Davis: "We're not out of anything. It's the same, exact scenario as last year..."

Davis: "We're not out of anything. It's the same, exact scenario as last year..."

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Davis: "We're not out of anything. It's the same, exact scenario as last year..."

Michigan State’s Felton Davis is much more than the Spartans’ most reliable and explosive receiver.  He’s a team leader and is showing some pragmatic leadership in the lead-up to a massive opportunity for Michigan State this Saturday at Penn State.

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Sometimes it can be refreshing to be reminded of the fact that the members of the Michigan State football team are kids, students, guys trying to find their way, and guys that sometimes aren’t all wrapped up in the dramas we all create when trying to figure out if a season is headed for greatness or spinning out of control.

Michigan State’s Felton Davis is going to earn some money in the NFL once he’s finished starring for the Spartans as a reliable, dynamic, and versatile receiver.

And right now he’s leading in a way that is sort of reassuring in the way he’s being simple and pragmatic about the situation he and his teammates find themselves in.

There’s a lot of legitimate focus on the players’ only meeting that occurred this week following Joe Bachie’s pointed – and on point – comments about leadership and commitment within the locker room.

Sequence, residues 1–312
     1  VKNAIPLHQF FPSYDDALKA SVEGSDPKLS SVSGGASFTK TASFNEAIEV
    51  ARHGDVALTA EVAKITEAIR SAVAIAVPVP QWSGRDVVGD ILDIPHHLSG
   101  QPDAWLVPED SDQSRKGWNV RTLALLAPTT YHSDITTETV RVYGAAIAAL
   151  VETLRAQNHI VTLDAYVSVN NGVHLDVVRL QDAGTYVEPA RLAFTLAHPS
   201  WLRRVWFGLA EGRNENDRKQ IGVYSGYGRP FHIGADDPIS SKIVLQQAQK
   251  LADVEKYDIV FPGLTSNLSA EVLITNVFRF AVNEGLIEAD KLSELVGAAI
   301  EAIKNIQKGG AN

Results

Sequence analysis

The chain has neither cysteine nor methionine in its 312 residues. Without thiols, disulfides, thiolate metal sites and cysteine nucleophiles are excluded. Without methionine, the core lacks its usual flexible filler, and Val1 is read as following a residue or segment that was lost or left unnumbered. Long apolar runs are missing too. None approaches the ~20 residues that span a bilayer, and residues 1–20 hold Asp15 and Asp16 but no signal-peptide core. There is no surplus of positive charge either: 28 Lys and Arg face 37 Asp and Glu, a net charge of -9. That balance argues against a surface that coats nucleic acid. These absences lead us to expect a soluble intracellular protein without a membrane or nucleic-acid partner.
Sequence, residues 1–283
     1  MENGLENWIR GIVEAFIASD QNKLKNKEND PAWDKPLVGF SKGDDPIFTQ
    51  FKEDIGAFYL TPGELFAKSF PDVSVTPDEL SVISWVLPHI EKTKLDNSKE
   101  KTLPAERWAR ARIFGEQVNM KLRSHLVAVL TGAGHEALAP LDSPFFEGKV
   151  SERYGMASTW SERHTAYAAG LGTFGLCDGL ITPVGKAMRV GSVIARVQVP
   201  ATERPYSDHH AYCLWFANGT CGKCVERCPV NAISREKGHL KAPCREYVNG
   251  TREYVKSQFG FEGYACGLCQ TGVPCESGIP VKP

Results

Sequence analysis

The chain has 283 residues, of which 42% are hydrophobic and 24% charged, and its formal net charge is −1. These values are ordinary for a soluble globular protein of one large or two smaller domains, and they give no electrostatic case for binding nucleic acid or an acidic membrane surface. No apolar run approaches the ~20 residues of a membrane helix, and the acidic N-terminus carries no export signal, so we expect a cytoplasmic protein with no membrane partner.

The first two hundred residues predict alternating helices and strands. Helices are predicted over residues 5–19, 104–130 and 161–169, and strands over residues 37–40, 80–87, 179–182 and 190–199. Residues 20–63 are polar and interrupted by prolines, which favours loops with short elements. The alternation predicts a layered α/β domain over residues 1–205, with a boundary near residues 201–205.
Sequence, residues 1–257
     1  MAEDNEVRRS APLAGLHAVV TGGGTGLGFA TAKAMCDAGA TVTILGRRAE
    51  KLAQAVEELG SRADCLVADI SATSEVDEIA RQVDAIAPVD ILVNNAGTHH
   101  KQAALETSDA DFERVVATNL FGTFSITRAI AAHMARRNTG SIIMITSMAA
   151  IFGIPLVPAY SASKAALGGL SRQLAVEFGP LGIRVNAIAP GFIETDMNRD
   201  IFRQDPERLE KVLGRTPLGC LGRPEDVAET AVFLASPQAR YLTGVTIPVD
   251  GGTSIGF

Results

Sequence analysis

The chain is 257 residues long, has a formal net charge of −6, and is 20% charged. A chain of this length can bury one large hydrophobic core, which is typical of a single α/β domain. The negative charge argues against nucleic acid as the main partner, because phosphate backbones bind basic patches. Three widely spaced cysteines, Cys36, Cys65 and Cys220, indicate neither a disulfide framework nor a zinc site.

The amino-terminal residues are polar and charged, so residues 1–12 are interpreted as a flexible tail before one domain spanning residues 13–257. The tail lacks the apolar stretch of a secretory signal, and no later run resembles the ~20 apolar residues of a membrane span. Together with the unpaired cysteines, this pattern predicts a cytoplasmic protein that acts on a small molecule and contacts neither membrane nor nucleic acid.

While Bachie’s comments were properly emotional, direct, and appropriately tough, Davis’s comments are more along the lines of being pretty pragmatic.

He compared the current situation to the middle of last season – there are some obvious parallels.

A year ago, Michigan State was thumped at home by Notre Dame, losing early 38-18.

This season, Michigan State’s early loss was at Arizona State – and it was anything but a thumping.

The Spartans, of course, lost to the Sun Devils on the game’s final play after seemingly having the game in hand.

Last season, Michigan State lost another tough one at Northwestern, 39-31 – a tough loss for any number of reasons.

And here we are, this season, with the Spartans having suffered a tough loss to Northwestern, once again.

Felton Davis’s comparison of the current situation to last year’s pretty similar scenario?

“And then we went and played Penn State.”

To Davis, this all might just be as simple as that.

“We’re not out of anything.  It’s the same, exact scenario as last season,” said Davis.

Last season, Michigan State beat Penn State 27-24 on a last second field goal by Matt Coghlin at the end of a tumultuous, weird, and challenging afternoon that featured an hours-long delay due to the lightning and the many different storm elements that were swirling all around East Lansing that day.

A quick word about the weather and how it may or may not have had any impact on Michigan State’s 27-24 win over Penn State last year –

Some suggested at the time – and are suggested again now – that the win was sort of fluky or warranted some sort of asterisk or that it might have been a “mirage” due to the weird weather delays and so forth.

Any time anyone refers to weather or delays or crowned field surfaces or any issues that could fall into the category of “force majeure,” I tend to think that the person bringing up those issues doesn’t know what they’re talking about and might have an axe to grind or might just be someone who likes to point to excuses in order to explain some sort of result or development that they’re not comfortable with.